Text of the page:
Gas Furnace - Locking Out / Sometimes Doesn't Heat

Article ID: 175
Last updated: 20 Mar, 2017

Gas Furnace

Re: Lockout / Sometimes Doesn't Heat

Customer reports that the furnace sometimes stops working. They can get it to work again by turning the thermostat or power off and back on.

Small Control

Most of these gas furnaces, 80 & 90%, use a White-Rodgers or Robertshaw Hot-Surface Ignition Control.

  • The control's primary function is to power the ignitor, energize the gas valve and monitor for flame.
  • The only real lockout with these controls is a failure to sense flame.
  • All other functions (inducer fan, pressure switch, limits, etc) are controlled external of the ignition control.

A diagnostic light on the lower left-hand corner of the board indicates "Lockout" status.

► For Control Replacement, use IGN.02 Universal Hot Surface Ignition Control.

Qty Possible Causes:
2 Dirty Flame Sensor
Pressure Switch Fault
Clogged Burner(s)
Low Gas Pressure
Bad Inducer Motor/Capacitor
Bad Gas Valve
Faulty Control


1. Check Ignition Sequence

  • If the furnace is running, turn the thermostat off and allow the furnace to cool and the blower to stop operating.
  • Initiate a call for heat from the thermostat and observe the ignition sequence.
    • The inducer motor should start with no difficulty.
      • Difficulty starting --> Check inducer motor and capacitor.
    • The pressure switch should close within a couple seconds of the inducer starting.
      • Pressure Switch fails to close = Pressure Switch Fault --> Check Pressure Switch.
    • The glow plug should energize within 30 seconds of the pressure switch closing.
    • The gas valve should open within 45 seconds of the glow plug energizing.

2. Check Ignition

  • Visually inspect the burners during ignition.
    • The burners should light smoothly with little or no delay from the glow plug to the flame sensor.
    • Make sure the flame sensor comes in good contact with the flame.

3. Check Gas Pressure / Valve

  • Inlet Gas Pressure
  • Turn off power to the furnace and close the gas safety shut-off valve.
  • Hook-up a gas pressure gauge to the inlet test port of the gas valve.
  • Open the gas safety shut-off and check gas pressure.
    • Minimum Pressure = 5" w.c. for Nat. gas, and 11" w.c. for propane.
      • Low Pressure = Bad Meter or Regulator
  • Re-apply power to the furnace and activate a call for heat.
  • Make sure the inlet gas pressure stays above minimum when the gas valve energizes.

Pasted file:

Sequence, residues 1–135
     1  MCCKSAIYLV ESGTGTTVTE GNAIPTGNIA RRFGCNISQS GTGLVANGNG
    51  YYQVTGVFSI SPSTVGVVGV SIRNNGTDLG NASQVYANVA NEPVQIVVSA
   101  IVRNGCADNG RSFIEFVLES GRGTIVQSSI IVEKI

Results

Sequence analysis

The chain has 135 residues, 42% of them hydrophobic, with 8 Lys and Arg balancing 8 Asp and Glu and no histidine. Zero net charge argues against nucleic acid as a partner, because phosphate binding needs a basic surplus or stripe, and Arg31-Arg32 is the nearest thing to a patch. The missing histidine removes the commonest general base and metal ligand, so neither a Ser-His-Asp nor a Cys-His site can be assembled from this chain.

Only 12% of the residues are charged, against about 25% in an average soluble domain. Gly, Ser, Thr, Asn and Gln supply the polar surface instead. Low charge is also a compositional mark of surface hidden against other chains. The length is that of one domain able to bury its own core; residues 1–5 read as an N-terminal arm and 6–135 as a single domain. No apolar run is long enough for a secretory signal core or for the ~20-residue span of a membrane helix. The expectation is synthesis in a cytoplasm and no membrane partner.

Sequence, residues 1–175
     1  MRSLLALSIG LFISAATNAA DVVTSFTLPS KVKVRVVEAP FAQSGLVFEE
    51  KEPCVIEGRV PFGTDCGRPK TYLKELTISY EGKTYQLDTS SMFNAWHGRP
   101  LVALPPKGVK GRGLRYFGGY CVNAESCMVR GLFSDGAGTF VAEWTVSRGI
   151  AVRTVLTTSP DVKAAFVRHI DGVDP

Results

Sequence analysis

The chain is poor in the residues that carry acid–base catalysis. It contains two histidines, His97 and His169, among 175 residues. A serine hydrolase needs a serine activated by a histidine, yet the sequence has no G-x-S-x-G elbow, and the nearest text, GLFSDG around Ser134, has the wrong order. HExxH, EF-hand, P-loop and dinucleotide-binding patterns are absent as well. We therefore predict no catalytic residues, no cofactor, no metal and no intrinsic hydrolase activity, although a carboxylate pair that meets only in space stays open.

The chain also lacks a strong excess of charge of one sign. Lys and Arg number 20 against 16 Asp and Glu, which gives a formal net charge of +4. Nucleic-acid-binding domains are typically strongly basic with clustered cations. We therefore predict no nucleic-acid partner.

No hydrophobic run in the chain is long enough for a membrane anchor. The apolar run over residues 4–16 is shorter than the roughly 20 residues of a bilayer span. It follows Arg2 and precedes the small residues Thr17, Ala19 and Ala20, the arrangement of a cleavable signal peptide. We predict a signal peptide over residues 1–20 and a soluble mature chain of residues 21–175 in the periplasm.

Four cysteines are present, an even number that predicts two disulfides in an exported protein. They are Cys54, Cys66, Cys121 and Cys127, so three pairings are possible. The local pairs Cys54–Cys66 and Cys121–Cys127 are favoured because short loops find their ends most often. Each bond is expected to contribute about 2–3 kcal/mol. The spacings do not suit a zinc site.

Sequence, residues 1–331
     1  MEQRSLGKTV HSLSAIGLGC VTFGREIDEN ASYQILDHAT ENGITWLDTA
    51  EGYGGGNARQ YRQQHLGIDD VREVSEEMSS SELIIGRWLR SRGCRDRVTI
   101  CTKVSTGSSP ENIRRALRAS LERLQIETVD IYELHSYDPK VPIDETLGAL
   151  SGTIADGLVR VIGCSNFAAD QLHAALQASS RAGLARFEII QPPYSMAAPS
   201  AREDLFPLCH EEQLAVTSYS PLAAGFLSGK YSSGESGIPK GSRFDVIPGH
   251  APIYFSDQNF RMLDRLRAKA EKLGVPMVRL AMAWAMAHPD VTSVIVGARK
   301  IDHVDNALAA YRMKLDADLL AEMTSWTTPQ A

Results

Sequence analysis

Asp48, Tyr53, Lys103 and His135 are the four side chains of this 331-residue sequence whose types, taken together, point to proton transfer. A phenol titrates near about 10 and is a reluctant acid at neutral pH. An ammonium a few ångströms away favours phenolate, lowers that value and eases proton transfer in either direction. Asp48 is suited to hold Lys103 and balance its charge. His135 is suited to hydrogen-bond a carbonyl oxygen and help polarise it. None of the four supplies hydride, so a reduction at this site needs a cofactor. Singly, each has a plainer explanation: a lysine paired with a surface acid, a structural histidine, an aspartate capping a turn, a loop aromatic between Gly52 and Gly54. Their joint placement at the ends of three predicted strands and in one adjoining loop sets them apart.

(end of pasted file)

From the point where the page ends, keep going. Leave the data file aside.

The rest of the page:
• Pressure drops below minimum = Bad Meter/Regulator or Restricted Gas Line
  • Manifold Gas Pressure
  • Turn off power to the furnace and close the gas safety shut-off.
  • Move the gas pressure gauge to the manifold (leaving) test port on the gas valve.
    • CAUTION! Be sure to put the plug back in the inlet test port before proceeding!
  • Open the gas safety shut-off valve and re-apply furnace power.
  • Activate a call for heat and monitor the manifold gas pressure during an ignition attempt.
    • Normal Pressure = 3 - 3.5" w.c. for Nat. Gas, 9 - 11" w.c. for LP
      • No Gas Pressure = Bad Gas Valve
      • Low Gas Pressure --> Increase Manifold Gas Pressure
      • Normal Gas Pressure but No or Delayed Ignition = Clogged Burners --> Remove burners and clean spreaders

4. Check Flame Sensor

  • On the multi-meter:
    • Switch the test leads to "COM" and "mA".
    • Set the meter on DC 200ù.
    • Disconnect the wire from the flame sensor.
    • Place one meter lead on the flame sensor terminal and the other on the flame sensor wire.
    • Check the reading when the burners ignite.
      • Normal Reading = 2 to 6 mA
      • Minimum acceptable reading = 1 MicroAmp
        • Low Reading = Dirty Flame Sensor --> Clean Flame Sensor & Re-check
    • CAUTION! Move meter leads back to "COM" and "V" before proceeding!

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Article ID: 175
Last updated: 20 Mar, 2017
Revision: 19
Access: Public
Views: 54
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